Whether you are writing in English or your national language, the guidelines are the same. But, they may not be so easily implemented if the terminology has not yet been introduced into your language to the same level of detail as it is in English. There may be opportunities to be a pioneer in enriching the local language with the required new terms… In some cases trying to force consistency and new terms onto the professional writing scene may not be easy or appreciated by your peers. Use good arguments and examples similar to those above to convince them of the importance of proper terminology use.
The responsibility of SESAR, NextGen and SWIM
Experts in Europe and the United States are busy writing the blue prints for the next generation air traffic management systems SESAR and NextGen respectively. Those systems will introduce new concepts, new technologies and new processes, each bringing with them their specific terms and abbreviations.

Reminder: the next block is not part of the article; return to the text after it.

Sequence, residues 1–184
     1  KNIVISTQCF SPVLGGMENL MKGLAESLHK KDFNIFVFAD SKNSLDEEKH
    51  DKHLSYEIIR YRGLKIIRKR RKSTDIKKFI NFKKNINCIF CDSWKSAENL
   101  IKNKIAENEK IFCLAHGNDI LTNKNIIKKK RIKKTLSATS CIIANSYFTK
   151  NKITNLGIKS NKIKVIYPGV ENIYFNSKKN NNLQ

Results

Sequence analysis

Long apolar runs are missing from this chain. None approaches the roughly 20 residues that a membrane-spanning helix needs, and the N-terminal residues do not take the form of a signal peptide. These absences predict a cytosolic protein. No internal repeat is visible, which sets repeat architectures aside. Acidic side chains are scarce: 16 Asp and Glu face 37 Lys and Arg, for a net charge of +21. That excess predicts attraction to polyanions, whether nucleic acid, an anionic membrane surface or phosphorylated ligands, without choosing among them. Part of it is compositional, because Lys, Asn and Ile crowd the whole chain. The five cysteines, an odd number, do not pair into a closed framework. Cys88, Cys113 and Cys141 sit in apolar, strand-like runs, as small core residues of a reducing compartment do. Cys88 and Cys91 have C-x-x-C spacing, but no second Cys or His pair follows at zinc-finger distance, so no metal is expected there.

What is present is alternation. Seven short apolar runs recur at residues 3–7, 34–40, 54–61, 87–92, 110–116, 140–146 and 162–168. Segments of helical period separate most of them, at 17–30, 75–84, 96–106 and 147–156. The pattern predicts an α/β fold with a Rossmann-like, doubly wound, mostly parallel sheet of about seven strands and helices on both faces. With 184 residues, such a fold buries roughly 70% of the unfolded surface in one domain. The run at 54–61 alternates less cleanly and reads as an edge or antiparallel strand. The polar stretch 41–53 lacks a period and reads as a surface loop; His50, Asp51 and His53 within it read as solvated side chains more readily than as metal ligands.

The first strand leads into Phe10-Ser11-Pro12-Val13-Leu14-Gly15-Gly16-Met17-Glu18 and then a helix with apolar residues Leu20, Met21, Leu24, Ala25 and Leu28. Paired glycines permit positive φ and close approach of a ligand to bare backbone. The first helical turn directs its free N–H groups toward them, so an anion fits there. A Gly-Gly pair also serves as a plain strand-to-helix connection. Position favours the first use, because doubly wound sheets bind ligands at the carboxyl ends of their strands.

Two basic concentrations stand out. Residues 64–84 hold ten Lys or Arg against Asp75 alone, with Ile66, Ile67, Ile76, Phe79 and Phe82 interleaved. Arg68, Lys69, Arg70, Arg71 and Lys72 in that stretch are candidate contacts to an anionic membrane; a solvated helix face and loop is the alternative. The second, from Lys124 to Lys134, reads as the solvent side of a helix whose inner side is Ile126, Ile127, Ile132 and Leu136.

System Wide Information Management (SWIM) is something that draws heavily on ideas first put forward in the general information technology field, with SWIM applying those things in an aviation context.
All the above activities will be generating tons of new documents which must be consistent across the board, both in terms of the old definitions and abbreviations and the new ones they will be introducing. Their responsibility is huge if we consider that the SESAR and NextGen documents will determine for decades to come what is called what and what we mean by what.
Get it wrong or inconsistent and future generations will struggle with the inconsistent, diverging terminology for a long time to come.
The new documents we see to-day are cause for concern and show signs of people ignoring the simplest rules of terminology use. They must remember that at the end of the day, we will all need to know beyond a shadow of a doubt whether we need to bolt that flashing white light onto the particular flying machine we own. Only consistent, proper terminology can help in deciding…